Geraldine Javier: Stuck in Reverse

Geraldine Javier: Stuck in Reverse

Friday, November 15, 2013Saturday, January 25, 2014

ARNDT
Berlin, Germany

Geraldine Javier: Stuck in Reverse
Solo exhibition at ARNDT Berlin
15 November 2013 - 25 January 2014

There are clear and often opposing tendencies in Philippine art: nostalgic representations of peasant life, social realism, conceptual art and works that are anti-Catholic. Geraldine Javier (1970 born in Manila, The Philippines; lives and works in Quezon, The Philippines) has responded against all these tendencies to create a complex and dynamic body of work. Images of rural life and nature recur in her work, but are far from reassuringly comfortable. What she takes from the social realists is a concern with painting things and people well, but her position is a more personal one - one that may be defined more as moral than political, and as implicit rather than explicit.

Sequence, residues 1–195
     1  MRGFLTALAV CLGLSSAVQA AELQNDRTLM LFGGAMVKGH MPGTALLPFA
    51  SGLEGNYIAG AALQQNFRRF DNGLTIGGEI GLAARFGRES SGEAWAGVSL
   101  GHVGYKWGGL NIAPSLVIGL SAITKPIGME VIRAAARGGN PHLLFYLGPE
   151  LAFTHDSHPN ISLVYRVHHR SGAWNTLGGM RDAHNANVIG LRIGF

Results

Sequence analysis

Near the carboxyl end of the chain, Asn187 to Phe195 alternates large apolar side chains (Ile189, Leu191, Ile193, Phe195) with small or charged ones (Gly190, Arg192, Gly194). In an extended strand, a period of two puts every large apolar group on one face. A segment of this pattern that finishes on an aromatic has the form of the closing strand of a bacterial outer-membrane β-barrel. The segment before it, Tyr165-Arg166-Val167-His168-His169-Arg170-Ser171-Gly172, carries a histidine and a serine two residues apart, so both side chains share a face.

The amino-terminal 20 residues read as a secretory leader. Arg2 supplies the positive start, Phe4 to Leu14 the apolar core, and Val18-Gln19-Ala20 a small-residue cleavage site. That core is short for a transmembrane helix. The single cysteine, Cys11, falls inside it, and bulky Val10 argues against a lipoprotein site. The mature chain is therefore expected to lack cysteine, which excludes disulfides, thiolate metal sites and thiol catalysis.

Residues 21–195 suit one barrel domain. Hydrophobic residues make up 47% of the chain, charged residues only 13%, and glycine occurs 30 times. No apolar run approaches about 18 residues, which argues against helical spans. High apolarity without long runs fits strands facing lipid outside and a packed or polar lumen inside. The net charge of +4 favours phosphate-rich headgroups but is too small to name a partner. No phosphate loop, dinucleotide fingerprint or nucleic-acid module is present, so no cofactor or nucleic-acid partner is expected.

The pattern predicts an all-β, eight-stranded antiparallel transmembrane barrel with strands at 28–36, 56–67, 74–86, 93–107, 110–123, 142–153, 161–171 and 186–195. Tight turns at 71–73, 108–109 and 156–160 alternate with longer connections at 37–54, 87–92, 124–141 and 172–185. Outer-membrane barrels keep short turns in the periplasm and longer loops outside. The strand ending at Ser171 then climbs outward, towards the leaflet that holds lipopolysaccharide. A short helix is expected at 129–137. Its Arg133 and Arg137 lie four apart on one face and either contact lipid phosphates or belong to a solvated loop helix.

The exhibition at ARNDT is an important landmark for her as paintings, objects and installations are not presented separately, but as organically blended together in five works. Moreover, the whole exhibition is conceived and should be experienced as a larger entity. Five tents covered with hammered leaves shelter one painting each and act as refuges for other objects. Tucked behind the paintings for the curious to find these objects may seem to be secrets of the imagination or the memory.

“The show was conceptualized when I bought a two-hectare/acre farm land in batangas province, two hours land travel from Manila. It made me very nostalgic for my childhood, though not exactly pretty, but I was particularly longing for that time spent playing outdoors. So the fabric 'playhouse' I constructed to house the painting is about living within the safety of a structure and yet integrated with the outdoors. The painting and tent also serve as a vehicle for not only recalling but fabricating memories as well, creating fantasies that are closely woven into my desires, a summation of the past, present and future.” Geraldine Javier, 2013